Leonard Pitts, I read with interest your column "The Hidden Cost of War" in the Thursday Jan. 19 Commercial Dispatch. As usual, you presented a thoughtful, thought-provoking view of a controversial subject.
The Columbus Police Department has its hands full trying to police a city of near 24,000 with 68 officers. When you also consider that most of the force has five years of experience or less and nine veteran supervising officers who can retire at any moment, the situation is more critical.
I, as Mayor, and the City Council are very concerned about the burglaries, home invasions, larceny, theft, illegal use of drugs and homicides that have occurred in the past four to five months.
This time every year, the Martin Luther King, Jr. holiday invokes memories of King's "I have a dream" speech. King's description of an integrated America, one where we are all judged "by the content of our character rather than the color of our skin," beautifully explains why people were willing to put so much effort and energy into the civil rights movement.
Columbus elementary schools have been welcoming visitors for more than a week, introducing prospective students and their parents to their magnet themes -- technology and communication, medical sciences and wellness, fine arts, international studies and aerospace and science.
The people have spoken -- all 126,185 of them. That's how many votes turned Mitt Romney into the Republican nominee, for all intents and purposes. In a country with more than 300 million people, less than a tenth of a half of a percent have picked one of the two men who could be the next president of the United States.
When they crafted the No Child Left Behind legislation, lawmakers should have turned to educators. They could have told legislators that you can't teach children to think if you are simply coaching them to pass a test.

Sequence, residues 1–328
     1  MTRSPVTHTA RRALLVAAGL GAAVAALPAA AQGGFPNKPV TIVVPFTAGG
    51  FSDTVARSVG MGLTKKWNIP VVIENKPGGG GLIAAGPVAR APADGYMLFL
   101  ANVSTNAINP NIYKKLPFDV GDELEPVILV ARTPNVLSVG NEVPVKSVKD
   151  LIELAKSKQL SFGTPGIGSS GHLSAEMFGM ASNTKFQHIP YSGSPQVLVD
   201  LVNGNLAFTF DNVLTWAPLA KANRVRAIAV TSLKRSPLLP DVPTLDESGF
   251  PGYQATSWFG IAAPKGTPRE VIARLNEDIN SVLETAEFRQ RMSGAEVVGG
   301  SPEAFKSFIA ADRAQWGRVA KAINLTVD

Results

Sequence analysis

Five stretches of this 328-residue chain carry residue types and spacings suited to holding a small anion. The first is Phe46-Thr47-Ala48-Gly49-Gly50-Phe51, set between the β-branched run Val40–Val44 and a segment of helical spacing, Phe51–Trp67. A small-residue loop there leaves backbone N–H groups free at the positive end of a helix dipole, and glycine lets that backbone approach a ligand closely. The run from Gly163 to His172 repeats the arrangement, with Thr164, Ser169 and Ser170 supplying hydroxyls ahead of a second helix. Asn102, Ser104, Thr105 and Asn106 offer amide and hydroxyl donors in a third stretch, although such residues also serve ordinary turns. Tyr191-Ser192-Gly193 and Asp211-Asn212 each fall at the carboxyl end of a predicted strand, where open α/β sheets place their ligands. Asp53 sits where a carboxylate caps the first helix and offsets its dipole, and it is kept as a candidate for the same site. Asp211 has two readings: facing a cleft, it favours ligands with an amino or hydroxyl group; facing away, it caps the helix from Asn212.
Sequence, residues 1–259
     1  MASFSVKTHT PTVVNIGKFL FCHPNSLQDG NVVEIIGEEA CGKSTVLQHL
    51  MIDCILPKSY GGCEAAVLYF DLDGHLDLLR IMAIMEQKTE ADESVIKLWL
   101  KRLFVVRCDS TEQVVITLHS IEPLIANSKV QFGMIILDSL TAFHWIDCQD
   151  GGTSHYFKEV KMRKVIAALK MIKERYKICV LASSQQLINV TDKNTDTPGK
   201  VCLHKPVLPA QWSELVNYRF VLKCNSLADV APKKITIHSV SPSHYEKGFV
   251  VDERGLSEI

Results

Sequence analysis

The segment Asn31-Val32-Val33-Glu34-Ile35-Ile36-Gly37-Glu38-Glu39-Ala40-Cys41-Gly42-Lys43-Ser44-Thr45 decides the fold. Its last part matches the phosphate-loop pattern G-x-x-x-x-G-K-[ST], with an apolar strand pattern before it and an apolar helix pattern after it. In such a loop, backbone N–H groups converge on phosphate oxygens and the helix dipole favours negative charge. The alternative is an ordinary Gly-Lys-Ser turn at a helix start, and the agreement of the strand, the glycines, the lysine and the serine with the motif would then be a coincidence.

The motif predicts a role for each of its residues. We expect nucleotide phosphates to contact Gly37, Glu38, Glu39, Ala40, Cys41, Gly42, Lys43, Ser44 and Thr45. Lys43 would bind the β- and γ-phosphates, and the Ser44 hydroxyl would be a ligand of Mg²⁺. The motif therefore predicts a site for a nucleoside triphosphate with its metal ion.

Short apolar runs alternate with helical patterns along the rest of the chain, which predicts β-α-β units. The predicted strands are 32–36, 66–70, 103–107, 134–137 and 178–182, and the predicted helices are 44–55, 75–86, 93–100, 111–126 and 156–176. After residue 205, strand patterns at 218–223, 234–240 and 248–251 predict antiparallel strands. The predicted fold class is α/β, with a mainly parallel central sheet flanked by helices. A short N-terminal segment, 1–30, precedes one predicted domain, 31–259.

Last week, a lifelong Columbus resident wrote to The Dispatch emphatically calling for better customer service.
WASHINGTON -- One thing we've learned since the Republican primary season began: There's an awful lot of pious baloney out there.
During the Great Depression, my father toiled in a box factory. The workers were all flat broke, he recalled, and desperate for every nickel. But when overtime hours appeared, the men made sure they went to a guy with kids. The laborers were obeying the unwritten and unenforceable "humanity clause," whereby one gives up some personal gain in deference to another's screaming need.
Growing up, class reunions appeared to be a big deal. People would plan them for months; people would travel great distances to attend, and everyone would dress up and reflect on high school. It almost seemed like a school dance for adults.
When a commercial building sits empty, it quickly ages. As it ages, it begins to look less and less appealing to business owners and developers. And the town begins to look unkempt.
The gesture of a posthumous pardon is one thing. Pardoning convicted killers and setting them free is another. Gov. Haley Barbour pardoned four convicted murderers -- one of whom confessed to shooting his wife to death after an argument -- as one of his last official acts as governor.
Friday afternoon around 1:30 a friend and I stood in the middle of the intersection of Seventh Avenue North and 15th Street. We had just finished fried chicken plate lunches at Helen's, and were enjoying being out in the warm sunshine. As we talked, two brick masons worked on new crosswalks at the intersection.